Sweden's first holdings in Estonia

to map

1561

Already during the Baltic Crusade, the Swedes had been trying to get a foothold in Estonia, but their advance in Läänemaa (Wiek) in 1220 was repelled by the Estonians. Their next attempt to participate in the events in Estonia, was during the St. George's Night Uprising in 1343. The Swedish forces, that had been called to help by the Estonians, did reach Tallinn, but had to turn back, because the opportune moment to enter the conflict had passed.


By 1561, the Livonian Order, hopelessly weakened by the Livonian War, was facing the powerful Russia, country that had already conquered half of Livonia, and the Order started looking for new and stronger masters. Their choices were Poland, Sweden and Denmark; and initially, the Order gave their forts to Poland. In Northern Estonia and especially in Tallinn, they leaned more towards Denmark, and even more towards Sweden, from whom they hoped better trade conditions. In 1561, Swedish seized Toompea castle, and immediately Tallinn and the Noble Corporation of Harju-, Viru- and Järvamaa capitulated. Even though Sweden had lost a great part of these areas to Russia, by the end of the war it managed to recapture them, and thus, Sweden had Hiiumaa, all of northern Estonia and Ingeria.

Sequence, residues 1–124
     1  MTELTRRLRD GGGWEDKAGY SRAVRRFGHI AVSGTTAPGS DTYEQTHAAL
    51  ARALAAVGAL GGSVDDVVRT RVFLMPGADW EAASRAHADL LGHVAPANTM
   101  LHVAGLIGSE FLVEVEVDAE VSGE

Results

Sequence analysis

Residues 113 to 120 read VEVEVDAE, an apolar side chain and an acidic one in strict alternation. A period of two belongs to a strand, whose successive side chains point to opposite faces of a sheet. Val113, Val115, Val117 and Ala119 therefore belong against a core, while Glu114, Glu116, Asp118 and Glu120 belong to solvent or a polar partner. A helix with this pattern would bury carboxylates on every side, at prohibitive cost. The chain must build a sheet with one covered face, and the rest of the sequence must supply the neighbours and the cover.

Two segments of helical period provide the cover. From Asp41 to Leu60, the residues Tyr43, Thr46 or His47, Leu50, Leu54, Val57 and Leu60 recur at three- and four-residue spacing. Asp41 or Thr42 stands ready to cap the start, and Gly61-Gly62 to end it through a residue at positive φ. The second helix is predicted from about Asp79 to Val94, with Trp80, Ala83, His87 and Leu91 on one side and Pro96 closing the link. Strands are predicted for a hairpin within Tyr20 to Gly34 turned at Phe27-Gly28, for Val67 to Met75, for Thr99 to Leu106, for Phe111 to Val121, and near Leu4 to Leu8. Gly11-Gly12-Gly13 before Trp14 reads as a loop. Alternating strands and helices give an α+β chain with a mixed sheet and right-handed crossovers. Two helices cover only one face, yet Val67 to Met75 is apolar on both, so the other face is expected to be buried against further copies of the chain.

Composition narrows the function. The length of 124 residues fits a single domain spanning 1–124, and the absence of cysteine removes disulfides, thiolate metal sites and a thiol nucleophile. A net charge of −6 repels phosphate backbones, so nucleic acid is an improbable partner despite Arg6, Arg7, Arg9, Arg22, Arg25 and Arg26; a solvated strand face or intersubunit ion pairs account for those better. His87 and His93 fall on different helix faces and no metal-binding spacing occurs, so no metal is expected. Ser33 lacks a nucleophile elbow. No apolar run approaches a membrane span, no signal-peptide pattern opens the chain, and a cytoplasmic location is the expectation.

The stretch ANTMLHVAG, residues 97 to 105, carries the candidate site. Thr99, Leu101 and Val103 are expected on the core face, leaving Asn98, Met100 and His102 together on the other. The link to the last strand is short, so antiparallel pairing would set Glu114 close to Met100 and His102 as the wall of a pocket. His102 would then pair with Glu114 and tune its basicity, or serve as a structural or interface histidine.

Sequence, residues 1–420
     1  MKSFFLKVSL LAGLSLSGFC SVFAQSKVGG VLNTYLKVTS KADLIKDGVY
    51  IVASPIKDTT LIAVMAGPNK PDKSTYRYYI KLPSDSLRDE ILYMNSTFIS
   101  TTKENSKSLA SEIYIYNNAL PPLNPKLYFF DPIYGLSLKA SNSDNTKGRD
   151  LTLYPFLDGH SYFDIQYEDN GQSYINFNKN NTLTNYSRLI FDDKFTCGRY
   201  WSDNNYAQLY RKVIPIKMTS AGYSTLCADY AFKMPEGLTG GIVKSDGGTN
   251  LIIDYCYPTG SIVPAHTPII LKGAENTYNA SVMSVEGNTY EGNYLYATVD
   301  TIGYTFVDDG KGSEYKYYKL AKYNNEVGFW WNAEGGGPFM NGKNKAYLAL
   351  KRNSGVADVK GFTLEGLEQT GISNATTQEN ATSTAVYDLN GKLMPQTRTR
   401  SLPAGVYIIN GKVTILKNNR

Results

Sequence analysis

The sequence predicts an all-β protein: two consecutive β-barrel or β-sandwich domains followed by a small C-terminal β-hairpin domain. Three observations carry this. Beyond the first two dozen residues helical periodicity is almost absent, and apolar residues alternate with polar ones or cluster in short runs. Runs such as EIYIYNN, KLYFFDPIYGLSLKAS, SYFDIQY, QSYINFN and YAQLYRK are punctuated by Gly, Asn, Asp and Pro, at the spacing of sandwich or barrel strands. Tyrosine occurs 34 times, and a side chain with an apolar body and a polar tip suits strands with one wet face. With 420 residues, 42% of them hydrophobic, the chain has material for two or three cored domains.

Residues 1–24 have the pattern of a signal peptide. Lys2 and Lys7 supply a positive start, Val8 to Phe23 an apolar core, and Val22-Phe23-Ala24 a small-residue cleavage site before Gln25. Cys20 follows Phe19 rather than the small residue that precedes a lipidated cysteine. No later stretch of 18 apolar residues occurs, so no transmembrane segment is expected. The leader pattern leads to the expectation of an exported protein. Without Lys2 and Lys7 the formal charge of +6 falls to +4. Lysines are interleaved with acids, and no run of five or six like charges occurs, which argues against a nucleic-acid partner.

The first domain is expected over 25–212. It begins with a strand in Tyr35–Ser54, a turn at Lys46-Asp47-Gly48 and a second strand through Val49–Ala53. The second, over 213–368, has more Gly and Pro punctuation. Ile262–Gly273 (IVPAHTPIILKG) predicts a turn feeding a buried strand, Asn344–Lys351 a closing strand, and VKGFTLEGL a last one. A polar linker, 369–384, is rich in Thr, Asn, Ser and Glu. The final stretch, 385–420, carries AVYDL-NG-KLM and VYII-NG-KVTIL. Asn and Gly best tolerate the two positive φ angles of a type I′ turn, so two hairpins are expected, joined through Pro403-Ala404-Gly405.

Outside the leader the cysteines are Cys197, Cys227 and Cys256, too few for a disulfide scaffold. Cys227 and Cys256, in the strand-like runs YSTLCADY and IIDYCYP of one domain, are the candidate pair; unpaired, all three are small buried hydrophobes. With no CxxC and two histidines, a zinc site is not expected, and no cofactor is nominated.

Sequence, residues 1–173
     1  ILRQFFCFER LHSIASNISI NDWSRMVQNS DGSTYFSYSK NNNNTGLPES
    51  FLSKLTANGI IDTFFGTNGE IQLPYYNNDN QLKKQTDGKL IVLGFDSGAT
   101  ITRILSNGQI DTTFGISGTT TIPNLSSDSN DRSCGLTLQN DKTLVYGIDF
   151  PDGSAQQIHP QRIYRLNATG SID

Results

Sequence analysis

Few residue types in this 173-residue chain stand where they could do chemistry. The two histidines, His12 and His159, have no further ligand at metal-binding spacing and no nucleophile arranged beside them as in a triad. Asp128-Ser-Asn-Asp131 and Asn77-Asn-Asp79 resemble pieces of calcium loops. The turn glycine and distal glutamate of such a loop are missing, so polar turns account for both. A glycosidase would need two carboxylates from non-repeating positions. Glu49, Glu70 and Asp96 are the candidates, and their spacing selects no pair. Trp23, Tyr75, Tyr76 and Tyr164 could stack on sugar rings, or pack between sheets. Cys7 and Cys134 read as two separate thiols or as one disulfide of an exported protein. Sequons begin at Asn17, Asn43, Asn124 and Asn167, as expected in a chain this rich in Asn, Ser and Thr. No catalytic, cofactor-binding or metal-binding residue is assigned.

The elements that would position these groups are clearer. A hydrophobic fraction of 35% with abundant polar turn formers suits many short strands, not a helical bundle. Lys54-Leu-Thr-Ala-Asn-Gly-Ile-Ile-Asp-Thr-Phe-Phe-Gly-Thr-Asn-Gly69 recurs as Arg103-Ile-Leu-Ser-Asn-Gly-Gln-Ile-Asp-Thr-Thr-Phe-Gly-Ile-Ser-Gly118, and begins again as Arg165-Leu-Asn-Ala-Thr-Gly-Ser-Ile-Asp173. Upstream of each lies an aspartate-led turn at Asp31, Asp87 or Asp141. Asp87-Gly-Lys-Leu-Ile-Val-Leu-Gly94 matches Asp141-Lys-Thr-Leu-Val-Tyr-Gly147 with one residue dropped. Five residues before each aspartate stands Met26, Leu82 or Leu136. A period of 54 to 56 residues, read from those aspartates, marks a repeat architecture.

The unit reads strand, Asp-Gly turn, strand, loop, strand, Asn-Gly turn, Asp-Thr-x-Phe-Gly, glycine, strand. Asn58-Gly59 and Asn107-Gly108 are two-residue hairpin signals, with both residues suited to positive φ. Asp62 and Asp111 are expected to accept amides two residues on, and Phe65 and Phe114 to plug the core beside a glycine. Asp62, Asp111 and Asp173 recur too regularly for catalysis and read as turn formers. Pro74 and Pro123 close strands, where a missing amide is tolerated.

Image: King of Sweden, Erik XIV

Source: Ain Mäesalu, Tõnis Lukas, Mati Laur, Tõnu Tannberg. Eesti ajalugu I. Avita, Tallinn 1995
Image source: http://upload.wikimedia.org/wikipedia/commons/8/8c/Erik_XIV_(1533-1577)_Domenicus_Verwildt.jpg


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